Ainissa Ramirez is a scientist, author, and a self-proclaimed science evangelist.
She is the creator of a podcast series called Science Underground.
She joins me now to discuss the secret behind space suits.
Yeah. Space suits.
I never really thought about the fact that space suits are almost like space shuttles, so to speak, for one, right?
It's your entire environment inside.
You know, there's -- there isn't any air, there isn't any heat -- you're going to have to bring it with you.
So, the suit itself actually helps you do that.
So, there's many different layers.
Here's like a segment of a space suit.
Starts off with a shell.
This shell is actually pretty tough.
Uh, the reason why it has to be tough is that there's small micro-meteoroids flying in the air and this --
All the time.
All the time in space.
Not on Earth, in space.
And this stops them from puncturing the suit.
So, you need the shell.
That's very important.
After that, you're going to have to have some insulation.
So, this is just a reflective layer, which sends your heat back to you.
UH, there's a couple of those just to keep you warm.
This is just a liner.
There's a structure that provides strength, because, otherwise, this thing'll just flop around like a wet towel, so you need something to support it.
And then, because engineers always like to use words that are technical, this is the bladder.
And all that is doing, is that's actually holding the air that you're going to breathe.
Now, the air that we breathe is -- is nitrogen and oxygen at a high pressure.
Uh, in space, it's only oxygen, and it's at a very low pressure.
And the reason why they do that, is if it was at the pressure that we're accustomed to, well, this thing would expand, and you'd look like a baby in a snow suit.
So, you want to keep it very low, so that you can move around.
Now, underneath that is a gauze suit, which looks like a jumper, and it has hose going through it, and that's the cooling system.
Just like your -- your air conditioner has a cooling system, you have your own cooling system so you can be comfortable in space.
And then, that's about it.
Or so they say.
There's actually one more layer.
Can I share that with you?
Oh, the reveal!
That looks like a diaper.
It is an adult diaper, yeah.
It's called a Maximum Absorbancy Garment, the MAG.
[ Laughter ] It's just a male way to say 'diaper.'
Well, yeah, if you're out on a space walk, you can't really just come on back in.
You can't have a time-out.
'Hey, I got to go in.'
You know, you're out there for six hours, so you have to have one of those things.
So, that's the space suit secret.
So, do we learn something from all the stuff, all the technology that we've put into designing this space suit?
Has it made a better diaper here on Earth, or has it made, you know, for example, better, tougher shells that we might see in a jacket one day?
Well, a lot of things that have happened in NASA have translated to -- to us, I mean, just to have materials that can survive very tough environments.
Before we used to have just wool and natural textiles, like copper -- like, cotton.
But this is, uh, you know, a synthetic, so this is very tough.
This insulation reflective layer is also a technology that we use a lot, as well.
I have a hat that has this kind of thermal layer, so we borrow a lot from space science to our everyday clothing, as well.
And it seems that they've gotten more svelte over time.
You know, the pictures you see of the guys hoping around on the Moonscape versus what you see today, they just seem a little leaner, and they're probably more comfortable than what those guys had to do in the --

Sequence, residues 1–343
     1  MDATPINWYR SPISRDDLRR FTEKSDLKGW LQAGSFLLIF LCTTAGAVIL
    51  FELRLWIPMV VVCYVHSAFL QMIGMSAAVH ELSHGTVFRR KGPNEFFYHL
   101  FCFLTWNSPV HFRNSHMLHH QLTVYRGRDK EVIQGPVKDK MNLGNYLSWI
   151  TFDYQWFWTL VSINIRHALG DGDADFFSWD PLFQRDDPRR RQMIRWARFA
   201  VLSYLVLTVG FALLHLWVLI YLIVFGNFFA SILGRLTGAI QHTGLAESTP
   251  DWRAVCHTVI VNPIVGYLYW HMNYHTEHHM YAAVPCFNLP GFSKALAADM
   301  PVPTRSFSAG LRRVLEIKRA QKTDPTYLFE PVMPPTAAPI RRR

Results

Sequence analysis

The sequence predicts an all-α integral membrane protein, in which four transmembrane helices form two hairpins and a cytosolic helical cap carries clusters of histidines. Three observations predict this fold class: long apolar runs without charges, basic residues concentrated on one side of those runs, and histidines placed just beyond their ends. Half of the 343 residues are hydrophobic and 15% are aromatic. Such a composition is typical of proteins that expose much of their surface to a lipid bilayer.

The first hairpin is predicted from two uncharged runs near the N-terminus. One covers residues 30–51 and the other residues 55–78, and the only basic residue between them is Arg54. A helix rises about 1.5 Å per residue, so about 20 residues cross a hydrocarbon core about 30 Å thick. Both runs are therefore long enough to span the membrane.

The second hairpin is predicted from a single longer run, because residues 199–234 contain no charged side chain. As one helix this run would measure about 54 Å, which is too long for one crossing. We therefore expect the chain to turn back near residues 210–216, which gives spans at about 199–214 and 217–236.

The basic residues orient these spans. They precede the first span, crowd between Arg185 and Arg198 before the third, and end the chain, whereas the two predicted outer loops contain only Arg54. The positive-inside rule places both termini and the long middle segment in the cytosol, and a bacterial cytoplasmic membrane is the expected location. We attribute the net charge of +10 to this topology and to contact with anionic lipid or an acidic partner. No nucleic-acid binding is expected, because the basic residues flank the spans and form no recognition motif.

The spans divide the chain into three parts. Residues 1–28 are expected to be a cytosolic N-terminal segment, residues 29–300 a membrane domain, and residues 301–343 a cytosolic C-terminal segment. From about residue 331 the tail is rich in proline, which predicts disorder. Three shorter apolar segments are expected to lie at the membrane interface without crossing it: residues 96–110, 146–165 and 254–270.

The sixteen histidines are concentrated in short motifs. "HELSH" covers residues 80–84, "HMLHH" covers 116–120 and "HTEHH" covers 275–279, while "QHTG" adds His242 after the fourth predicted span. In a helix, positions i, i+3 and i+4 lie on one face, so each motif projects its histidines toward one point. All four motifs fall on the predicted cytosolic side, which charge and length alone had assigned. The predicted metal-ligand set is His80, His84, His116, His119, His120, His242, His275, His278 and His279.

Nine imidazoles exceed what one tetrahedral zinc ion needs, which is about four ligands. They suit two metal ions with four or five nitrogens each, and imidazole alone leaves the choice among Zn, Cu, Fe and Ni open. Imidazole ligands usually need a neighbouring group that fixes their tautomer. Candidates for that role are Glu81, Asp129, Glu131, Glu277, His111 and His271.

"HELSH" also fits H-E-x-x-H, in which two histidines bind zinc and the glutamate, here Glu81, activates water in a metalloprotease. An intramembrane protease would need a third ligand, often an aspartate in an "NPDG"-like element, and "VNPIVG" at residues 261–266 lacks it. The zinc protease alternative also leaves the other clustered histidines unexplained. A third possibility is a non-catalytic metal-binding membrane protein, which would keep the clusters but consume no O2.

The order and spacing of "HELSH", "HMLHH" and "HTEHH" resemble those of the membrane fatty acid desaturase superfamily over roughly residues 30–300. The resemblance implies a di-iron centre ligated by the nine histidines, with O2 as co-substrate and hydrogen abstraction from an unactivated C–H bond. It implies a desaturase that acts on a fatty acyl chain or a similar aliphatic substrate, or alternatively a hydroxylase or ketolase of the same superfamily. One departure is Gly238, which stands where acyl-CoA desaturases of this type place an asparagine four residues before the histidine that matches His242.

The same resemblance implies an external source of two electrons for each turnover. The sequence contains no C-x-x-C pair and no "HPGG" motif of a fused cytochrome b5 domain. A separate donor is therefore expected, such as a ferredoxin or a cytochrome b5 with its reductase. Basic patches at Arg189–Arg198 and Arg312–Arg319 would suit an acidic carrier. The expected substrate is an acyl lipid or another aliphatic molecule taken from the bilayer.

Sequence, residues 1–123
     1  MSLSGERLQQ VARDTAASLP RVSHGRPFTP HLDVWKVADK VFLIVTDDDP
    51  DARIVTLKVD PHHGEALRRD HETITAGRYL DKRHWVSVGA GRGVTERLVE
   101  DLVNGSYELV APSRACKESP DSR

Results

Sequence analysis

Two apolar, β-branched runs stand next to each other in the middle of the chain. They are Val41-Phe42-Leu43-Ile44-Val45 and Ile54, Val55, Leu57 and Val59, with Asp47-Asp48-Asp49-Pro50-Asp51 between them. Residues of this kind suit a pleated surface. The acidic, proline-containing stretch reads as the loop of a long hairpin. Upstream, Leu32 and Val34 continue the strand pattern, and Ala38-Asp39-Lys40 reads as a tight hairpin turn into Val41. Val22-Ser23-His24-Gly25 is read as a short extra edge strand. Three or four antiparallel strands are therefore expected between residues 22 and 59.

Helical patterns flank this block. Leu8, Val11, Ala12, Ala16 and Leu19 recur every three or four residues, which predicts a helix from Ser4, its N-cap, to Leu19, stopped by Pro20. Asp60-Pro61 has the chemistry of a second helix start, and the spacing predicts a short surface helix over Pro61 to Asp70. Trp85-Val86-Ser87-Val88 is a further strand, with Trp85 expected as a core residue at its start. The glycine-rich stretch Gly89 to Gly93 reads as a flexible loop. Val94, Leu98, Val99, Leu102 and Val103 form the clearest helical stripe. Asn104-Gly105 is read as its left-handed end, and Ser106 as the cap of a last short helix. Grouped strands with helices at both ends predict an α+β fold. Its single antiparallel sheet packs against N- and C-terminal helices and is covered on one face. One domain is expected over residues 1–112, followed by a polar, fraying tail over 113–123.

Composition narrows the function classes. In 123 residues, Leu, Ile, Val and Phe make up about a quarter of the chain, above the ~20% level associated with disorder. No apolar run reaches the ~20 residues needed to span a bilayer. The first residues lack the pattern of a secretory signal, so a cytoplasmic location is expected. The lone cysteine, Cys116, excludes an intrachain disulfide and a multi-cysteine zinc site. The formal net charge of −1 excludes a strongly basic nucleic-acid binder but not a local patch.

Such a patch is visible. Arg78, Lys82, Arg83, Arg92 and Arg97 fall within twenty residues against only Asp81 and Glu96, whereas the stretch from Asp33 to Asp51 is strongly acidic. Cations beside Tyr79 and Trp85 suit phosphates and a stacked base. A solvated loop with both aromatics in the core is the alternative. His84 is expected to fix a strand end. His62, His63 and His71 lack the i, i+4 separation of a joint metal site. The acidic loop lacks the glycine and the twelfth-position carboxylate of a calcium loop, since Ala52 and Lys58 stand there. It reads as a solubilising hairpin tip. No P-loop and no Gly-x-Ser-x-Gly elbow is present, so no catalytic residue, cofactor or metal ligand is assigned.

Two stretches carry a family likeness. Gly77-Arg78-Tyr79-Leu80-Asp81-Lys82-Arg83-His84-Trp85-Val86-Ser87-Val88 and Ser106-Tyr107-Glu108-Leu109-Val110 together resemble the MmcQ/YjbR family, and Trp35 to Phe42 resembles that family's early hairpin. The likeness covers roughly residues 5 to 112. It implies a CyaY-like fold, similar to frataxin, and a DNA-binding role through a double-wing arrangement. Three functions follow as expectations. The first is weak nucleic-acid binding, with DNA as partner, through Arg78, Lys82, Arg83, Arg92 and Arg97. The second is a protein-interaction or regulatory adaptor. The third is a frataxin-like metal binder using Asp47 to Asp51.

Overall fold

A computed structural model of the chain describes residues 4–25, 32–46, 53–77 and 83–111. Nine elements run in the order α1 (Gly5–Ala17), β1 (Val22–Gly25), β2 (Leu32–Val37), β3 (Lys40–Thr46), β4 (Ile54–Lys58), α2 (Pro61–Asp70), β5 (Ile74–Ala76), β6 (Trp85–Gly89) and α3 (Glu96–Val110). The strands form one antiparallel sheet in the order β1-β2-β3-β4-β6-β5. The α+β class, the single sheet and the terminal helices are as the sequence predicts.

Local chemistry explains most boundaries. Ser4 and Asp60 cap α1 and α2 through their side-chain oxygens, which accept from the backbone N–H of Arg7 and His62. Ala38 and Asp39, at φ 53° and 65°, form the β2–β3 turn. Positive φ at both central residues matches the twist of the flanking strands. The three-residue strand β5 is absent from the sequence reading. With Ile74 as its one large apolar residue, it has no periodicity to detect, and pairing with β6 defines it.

Right, and also how they're fitted.
They used to be clamped together.
Now, they've got different ways of attaching it.
Yeah, there are people working on the space suit, trying to get it to be more nimble.
Before, they would just make it for guys.
There are women that are going to go in space.
They have to have a different shape, a different size.
So, there's a lot of technology in -- in fitting these things.
That's one of the things that we don't really see, uh, accurately on the space-related shows.
What we see, is a very nice, sort of svelte outfit.
And if it had to have all those layers in it to protect you, uh, as you were walking around on Mars, you'd probably need something a little thicker.
That's right, that's right.
And we definitely don't talk about the secret.
[ Laughter ]
The secret diaper layer.
Uh, when they're out there, when you're talking about these micro-meteoriods, the -- the space station is orbiting at a certain speed, right?
The other thing is that there's a lot of space junk and debris out there that's floating around, but it's also floating at such a speed that it's not like, uh, in that movie 'Gravity,' or whatever it was, where Sandra Bullock can kind of see it coming over the horizon.
It'd be on you, it'd be over.
It'd be instantaneous, right?
Uh, well, as for the micro-meteoroids, we don't experience them on Earth, because they're actually burning up as they hit and come into our atmosphere.
Uh, but this is strong enough for those small -- they're less than the size of a pebble.
But for space junk, I mean, that's -- that's a serious problem right now, because it can hit parts of the ship, it can hit an astronaut when he or she is out in space, so that's something that people are mitigating, as well.
I don't have the solution to that.
Do they think about that before they go out there?
Yeah, they definitely think about that.
Are we in a particular angle where there -- where there's a debris field that we're going through, and you can't do the walk now?
Space junk is a huge problem for -- for NASA.
All right, so, hopefully, this space technology will get to our clothes soon enough.
Thank you very much, Ainissa Ramirez, for joining us.
Thank you. Thanks.